Stylish Minimalism, In The Dark of '7th Street'

Thandie Newton, Hayden Christensen

Anybody Got A Lightsaber? Hayden Christensen (right) and Thandie Newton star as two survivors of a mysterious, worldwide supernatural event. To survive, they must stay in the light — lest they confront the unknown in the darkness. Magnolia Pictures hide caption

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Vanishing on 7th Street

  • Director: Brad Anderson
  • Genre: Horror Thriller
  • Running Time: 121 minutes

Rated R for language

With: Hayden Christensen, Thandie Newton, John Leguizamo

Since 2001, director Brad Anderson has been so immersed in terror — Session 9, The Machinist, episodes of Fringe and two cable horror anthologies — that we tend to forget how skilled he is at love. With Next Stop, Wonderland and Happy Accidents, he wrote and directed two of the best romantic comedies of the past 30 years. And as I was watching Vanishing on 7th Street, another supernatural tale of relationships subordinated to inexplicable phenomena, I couldn't help wishing he would take a break from boogeymen and return to his roots.

Not that Vanishing isn't a highly respectable piece of genre entertainment, one with a little more class than most. Structured like an old Twilight Zone episode or a Stephen King short story, the film follows four survivors of an unexplained global blackout who awaken to discover that most of the population has disappeared — right out of its clothing. (One of the film's eeriest motifs is those ubiquitous bundles of abandoned outfits, including, hilariously, a set of false teeth.)

Converging on a run-down bar helpfully outfitted with a stuttering generator and a Motown-and-soul-stocked jukebox, the survivors ponder their plight. Daylight hours are mysteriously decreasing, and arrogant TV anchor Hayden Christensen wants to grab a truck and try to outrun the encroaching blackness. But the geeky movie projectionist (John Leguizamo) has a concussion, the former addict (Thandie Newton) needs to find her baby, and the gun-toting preteen (Jacob Latimore) misses his mom.

And then there are the shadows, crawling over the walls and whispering like unseen spirits whenever the lights flicker. Thank goodness there's alcohol.

Hayden Christensen i

TV anchor Luke, played with surprising authority by Christensen, is one of the few survivors left to navigate a bleak depopulated Detroit. Magnolia Pictures hide caption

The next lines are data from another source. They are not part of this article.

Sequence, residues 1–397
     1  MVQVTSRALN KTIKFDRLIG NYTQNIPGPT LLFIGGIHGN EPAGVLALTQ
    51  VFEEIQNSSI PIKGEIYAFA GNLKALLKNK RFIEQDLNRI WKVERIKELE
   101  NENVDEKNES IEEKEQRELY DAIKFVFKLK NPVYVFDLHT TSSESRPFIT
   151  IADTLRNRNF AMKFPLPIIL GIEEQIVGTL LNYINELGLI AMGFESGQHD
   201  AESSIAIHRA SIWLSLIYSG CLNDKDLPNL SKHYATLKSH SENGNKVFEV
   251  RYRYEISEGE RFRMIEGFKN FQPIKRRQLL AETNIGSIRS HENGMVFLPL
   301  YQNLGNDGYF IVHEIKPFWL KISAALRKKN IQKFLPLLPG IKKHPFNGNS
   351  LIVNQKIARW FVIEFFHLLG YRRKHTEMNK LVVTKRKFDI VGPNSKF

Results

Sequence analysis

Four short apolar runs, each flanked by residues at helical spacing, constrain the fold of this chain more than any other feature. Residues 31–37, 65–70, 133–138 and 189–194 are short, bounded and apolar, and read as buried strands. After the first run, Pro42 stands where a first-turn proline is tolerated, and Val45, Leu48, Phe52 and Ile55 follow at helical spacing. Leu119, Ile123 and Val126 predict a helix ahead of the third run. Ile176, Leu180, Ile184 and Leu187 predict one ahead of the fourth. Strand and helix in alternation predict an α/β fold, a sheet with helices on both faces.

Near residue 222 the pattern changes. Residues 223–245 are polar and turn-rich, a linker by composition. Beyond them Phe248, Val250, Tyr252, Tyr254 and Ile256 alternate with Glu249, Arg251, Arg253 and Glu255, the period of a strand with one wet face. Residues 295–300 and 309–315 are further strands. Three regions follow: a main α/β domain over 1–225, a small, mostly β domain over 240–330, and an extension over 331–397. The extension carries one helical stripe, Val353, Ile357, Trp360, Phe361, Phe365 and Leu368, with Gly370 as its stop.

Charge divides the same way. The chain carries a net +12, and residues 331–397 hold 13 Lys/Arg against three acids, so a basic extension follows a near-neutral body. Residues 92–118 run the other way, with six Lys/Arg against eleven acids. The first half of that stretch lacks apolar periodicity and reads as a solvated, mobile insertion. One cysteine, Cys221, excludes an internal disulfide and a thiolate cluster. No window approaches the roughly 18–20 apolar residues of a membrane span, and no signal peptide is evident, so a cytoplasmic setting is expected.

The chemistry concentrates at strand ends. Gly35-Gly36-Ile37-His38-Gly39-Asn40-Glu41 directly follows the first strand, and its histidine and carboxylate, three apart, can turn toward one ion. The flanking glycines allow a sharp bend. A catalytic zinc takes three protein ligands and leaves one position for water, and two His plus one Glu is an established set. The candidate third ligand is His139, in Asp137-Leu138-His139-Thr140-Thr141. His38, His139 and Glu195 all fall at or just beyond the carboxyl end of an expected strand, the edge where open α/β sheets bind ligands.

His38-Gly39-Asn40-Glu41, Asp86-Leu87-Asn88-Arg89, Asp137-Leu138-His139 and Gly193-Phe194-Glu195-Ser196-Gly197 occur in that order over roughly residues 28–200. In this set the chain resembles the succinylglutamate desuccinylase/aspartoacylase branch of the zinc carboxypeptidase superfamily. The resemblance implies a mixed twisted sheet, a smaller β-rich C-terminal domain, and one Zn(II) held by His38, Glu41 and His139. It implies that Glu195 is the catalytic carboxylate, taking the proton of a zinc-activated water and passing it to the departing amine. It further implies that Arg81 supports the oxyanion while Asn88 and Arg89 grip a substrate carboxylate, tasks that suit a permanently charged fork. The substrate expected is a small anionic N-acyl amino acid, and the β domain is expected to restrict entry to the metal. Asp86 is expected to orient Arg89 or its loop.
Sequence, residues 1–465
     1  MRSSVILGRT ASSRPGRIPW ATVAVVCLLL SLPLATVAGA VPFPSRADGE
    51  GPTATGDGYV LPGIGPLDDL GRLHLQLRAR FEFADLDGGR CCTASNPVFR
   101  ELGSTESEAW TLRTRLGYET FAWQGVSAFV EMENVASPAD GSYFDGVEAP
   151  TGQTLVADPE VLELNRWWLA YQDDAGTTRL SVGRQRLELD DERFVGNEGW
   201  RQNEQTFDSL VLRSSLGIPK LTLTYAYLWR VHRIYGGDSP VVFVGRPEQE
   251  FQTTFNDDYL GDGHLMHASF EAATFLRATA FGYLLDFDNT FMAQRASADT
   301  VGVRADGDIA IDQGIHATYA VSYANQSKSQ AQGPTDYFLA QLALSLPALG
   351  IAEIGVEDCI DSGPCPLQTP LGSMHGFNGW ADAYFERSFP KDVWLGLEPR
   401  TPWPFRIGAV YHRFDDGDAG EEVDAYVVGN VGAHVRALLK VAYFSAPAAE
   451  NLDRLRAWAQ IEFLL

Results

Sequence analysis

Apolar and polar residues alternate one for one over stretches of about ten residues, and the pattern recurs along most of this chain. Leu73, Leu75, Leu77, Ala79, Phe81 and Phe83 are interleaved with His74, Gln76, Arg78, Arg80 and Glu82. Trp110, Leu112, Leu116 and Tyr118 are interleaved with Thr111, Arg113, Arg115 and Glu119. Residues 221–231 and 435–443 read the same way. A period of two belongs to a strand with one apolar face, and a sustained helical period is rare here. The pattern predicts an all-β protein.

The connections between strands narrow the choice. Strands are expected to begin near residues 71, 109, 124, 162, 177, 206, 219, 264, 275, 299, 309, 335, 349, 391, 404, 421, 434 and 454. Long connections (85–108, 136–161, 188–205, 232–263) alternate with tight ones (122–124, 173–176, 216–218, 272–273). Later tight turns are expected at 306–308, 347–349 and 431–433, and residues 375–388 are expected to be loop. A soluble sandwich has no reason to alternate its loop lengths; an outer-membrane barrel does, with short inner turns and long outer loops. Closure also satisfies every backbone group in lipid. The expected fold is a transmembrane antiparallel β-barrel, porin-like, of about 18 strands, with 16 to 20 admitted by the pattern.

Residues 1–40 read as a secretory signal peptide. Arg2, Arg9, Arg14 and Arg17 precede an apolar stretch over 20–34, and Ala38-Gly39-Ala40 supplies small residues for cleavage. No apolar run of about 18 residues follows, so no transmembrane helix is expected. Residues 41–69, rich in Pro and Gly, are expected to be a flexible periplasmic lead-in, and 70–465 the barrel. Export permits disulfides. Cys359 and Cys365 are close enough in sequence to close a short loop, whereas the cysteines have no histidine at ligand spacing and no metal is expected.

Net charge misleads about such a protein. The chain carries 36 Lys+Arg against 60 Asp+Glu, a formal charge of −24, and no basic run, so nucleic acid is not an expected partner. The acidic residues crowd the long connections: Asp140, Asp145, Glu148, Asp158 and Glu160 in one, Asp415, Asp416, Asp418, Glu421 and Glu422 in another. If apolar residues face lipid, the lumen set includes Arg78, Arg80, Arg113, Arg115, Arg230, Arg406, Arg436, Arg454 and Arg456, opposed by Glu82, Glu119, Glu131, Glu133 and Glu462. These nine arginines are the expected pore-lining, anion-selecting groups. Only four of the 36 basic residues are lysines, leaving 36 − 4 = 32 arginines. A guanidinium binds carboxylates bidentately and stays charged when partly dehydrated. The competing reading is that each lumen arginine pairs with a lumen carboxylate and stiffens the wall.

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Hayden Christensen

TV anchor Luke, played with surprising authority by Christensen, is one of the few survivors left to navigate a bleak depopulated Detroit.

Magnolia Pictures

Unfolding in a blasted Detroit ("It wasn't that complicated to make the city desolate and devoid of life," admits Anderson in the press notes), Vanishing (inspired in part by the 16th century disappearance of the American colonists on Roanoke) is an apocalyptic drama that feels too insubstantial for the big screen. A frustratingly opaque script (by Anthony Jaswinski), whose religious and supernatural elements are never fully fleshed out, leaves the normally terrific Leguizamo out to lunch, while Newton exhibits her usual stagy mannerisms — one part Joan of Arc, one part mental patient. The surprise here is Christensen, that bland blond of the Star Wars prequels: Working with a character who's believably self-centered, he anchors the film with more authority than his previous work would lead anyone to expect.

But in a movie where characterization takes second place to chills, it's cinematographer Uta Briesewitz (who also shot Next Stop, Wonderland and the magnificently creepy Session 9) who shines. Working the minimalist story for maximum fright, he manipulates his digital camera to skin-crawling effect, flitting between creeping fingers of blackness and fizzing halos of luminance. Computer-generated effects are used sparingly, so when they appear — a plane tumbling from the sky in swift silence — they are jarringly effective. Add Lucas Vidal's brooding score and the result is a primal journey to a ho-hum destination. Next stop heaven, hell — or Vanishing 2?



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